Third-seeded Andre Agassi advanced to the round of 16 at the ATP Championship in Mason, Ohio, by beating Arnaud Di Pasquale 6-4, 6-1 on Wednesday.
The American contingent, which already included top-ranked Pete Sampras, picked up three surprise winners when Michael Chang beat eighth-seeded Alex Corretja 6-3, 6-7 (5-7), 6-2; Justin Gimelstob beat fellow American Todd Martin, the No. 9 seed, 6-4, 6-4; and Chris Woodruff beat 13th-seeded Thomas Enqvist 6-1, 7-5.
"He hasn't played much hard court," Agassi said of Di Pasquale. "He looks like he needs more time to hit his shots. It looked like I could rush him a little bit. For me, on this surface, that's good."
Chang's victory was his first over a top-10 opponent this year.
Jim Courier made a run at joining the American contingent. But 2 hours, 8 minutes into his match with Cedric Pioline, Courier retired in the third set with heat-induced leg cramps.
Defending champion Patrick Rafter played his first match of the tournament, beating Daniel Vacek 7-6 (7-3), 6-3 in the night session.
The Australian, who is also the two-time defending U.S. Open champion, called it a "scruffy" match but said he generally was happy with his play.
In the other evening match, 12th-seeded Nicolas Kiefer completed the field for the round of 16 by beating wild-card Paul Goldstein 2-6, 6-4, 7-6 (12-10).
COLLEGE BASKETBALL: The Florida State men's team left for a seven-game, two-week barnstorming tour of Australia that it hopes is a steppingstone out of the ACC's land down under (.500). "It's certainly going to be a good experience for us," coach Steve Robinson said. "It gave us a chance to have some practice time here (first). It gives our young kids more opportunity to play. It gives the older, more experienced time to play." Shortly after taking over at Tulsa, Robinson took his team to Belgium for a preseason tour, which helped pave the way for a NCAA Tournament berth. FSU will play pro teams, the first led by Andrew Gaze. The trip also will be a homecoming for center Justin Mott, who lived in Australia for a couple of years. Major Parker of Florida scored nine of his team-high 17 points in the first half to lead the Southeastern Conference all-star team to an 88-63 victory over the Japan national team at Kobe, Japan. Senior center William Stringfellow has been declared academically ineligible to play for Houston.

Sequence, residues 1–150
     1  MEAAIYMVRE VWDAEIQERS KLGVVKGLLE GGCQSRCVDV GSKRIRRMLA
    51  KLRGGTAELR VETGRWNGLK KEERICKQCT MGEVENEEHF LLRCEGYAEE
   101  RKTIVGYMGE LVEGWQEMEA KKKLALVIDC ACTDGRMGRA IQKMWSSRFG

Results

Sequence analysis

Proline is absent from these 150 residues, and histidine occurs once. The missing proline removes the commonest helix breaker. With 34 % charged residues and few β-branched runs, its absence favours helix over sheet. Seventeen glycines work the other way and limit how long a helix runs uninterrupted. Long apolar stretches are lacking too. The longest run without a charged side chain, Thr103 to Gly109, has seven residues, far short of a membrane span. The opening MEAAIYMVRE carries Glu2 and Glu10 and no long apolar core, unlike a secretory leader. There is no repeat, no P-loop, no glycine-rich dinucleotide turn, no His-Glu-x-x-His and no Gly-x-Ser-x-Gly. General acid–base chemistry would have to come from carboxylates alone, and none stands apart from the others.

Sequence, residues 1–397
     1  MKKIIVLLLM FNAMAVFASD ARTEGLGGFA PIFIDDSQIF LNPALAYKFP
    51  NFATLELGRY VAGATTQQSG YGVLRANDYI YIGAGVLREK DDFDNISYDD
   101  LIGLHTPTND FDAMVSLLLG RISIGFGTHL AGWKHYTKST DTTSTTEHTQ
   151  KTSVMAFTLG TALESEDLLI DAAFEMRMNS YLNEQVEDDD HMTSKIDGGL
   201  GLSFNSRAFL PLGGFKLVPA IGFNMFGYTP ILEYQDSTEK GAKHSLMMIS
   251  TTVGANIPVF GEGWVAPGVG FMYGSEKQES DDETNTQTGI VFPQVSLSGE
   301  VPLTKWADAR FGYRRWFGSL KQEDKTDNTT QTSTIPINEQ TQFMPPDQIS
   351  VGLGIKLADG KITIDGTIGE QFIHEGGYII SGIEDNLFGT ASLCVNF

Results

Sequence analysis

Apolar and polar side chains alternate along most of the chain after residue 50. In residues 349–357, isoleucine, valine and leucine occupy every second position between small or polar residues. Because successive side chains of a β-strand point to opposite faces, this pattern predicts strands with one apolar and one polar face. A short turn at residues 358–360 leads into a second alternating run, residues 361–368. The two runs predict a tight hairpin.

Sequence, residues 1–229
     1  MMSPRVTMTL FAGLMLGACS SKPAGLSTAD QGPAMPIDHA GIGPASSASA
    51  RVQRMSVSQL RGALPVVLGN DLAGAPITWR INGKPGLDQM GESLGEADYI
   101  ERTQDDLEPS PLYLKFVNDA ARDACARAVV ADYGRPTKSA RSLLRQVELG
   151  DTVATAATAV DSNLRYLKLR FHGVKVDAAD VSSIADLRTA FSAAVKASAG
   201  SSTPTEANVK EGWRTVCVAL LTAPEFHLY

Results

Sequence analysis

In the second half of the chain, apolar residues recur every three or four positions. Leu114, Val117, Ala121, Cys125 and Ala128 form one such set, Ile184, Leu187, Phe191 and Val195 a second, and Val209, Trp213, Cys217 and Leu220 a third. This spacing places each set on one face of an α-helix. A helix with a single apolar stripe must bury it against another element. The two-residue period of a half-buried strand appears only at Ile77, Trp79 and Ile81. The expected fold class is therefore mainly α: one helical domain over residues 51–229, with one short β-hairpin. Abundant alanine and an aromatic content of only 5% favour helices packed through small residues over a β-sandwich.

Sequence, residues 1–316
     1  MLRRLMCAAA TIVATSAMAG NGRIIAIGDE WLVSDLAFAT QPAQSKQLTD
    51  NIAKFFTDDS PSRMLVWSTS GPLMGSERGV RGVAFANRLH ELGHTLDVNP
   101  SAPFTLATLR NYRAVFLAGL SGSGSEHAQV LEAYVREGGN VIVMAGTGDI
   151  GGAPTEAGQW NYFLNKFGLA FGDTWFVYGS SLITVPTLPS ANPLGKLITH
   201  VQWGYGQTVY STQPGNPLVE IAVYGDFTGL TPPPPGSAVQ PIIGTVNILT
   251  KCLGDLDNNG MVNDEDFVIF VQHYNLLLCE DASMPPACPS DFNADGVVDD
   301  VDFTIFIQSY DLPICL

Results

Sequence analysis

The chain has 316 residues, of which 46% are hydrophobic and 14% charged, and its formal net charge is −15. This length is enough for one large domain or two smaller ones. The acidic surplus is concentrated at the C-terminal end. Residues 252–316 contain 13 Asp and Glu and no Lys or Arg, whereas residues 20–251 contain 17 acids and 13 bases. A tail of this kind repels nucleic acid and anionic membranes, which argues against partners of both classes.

TRACK AND FIELD: Marion Jones stretched her winning streak at 200 meters to 21 races by winning at the Weltlkasse meet in Zurich, Switzerland. The 23-year-old American, the only woman to run under 22 seconds this summer, was clocked in 22.10 seconds. Inger Miller was second in 22.19. Jones has not lost at 200 meters since 1997. World 200-meter champion Ato Boldon pulled out of the meet because of a lingering hamstring injury and ruled himself out of the World Championships later this month. World-record holder Maurice Greene of the United States won the last major 100-meter race before the World Championships in 9.99, his fifth straight.
SOFTBALL: Christy Hebert singled home Megumi Takasaki with two outs in the bottom of the seventh to give the Carolina Diamonds a 3-2 victory over the Tampa Bay FireStix in the first game of an eight-game weekend series in Gastonia, N.C. Tampa Bay pitcher DeeDee Weiman-Garcia (14-8) allowed 10 hits and two earned runs. The FireStix have a one-game lead over Virginia for first place in the Women's Pro Softball League.
CYCLING: A worker at the Tour of Galicia in Ourense, Spain, died a day after being knocked down by a cyclist he was trying to alert to an upcoming obstacle. Jesus Presa Garcia, 40, was warning cyclists of a car parked in the road when he was hit by Denis Zanetti of Italy. Presa's head hit the ground and he was knocked unconscious. The tour's third leg was run as a non-competitive race in deference to Presa, and about $58,000 was taken out of the prize money for Presa's family.
_ BRIAN LANDMAN, TIMES WIRES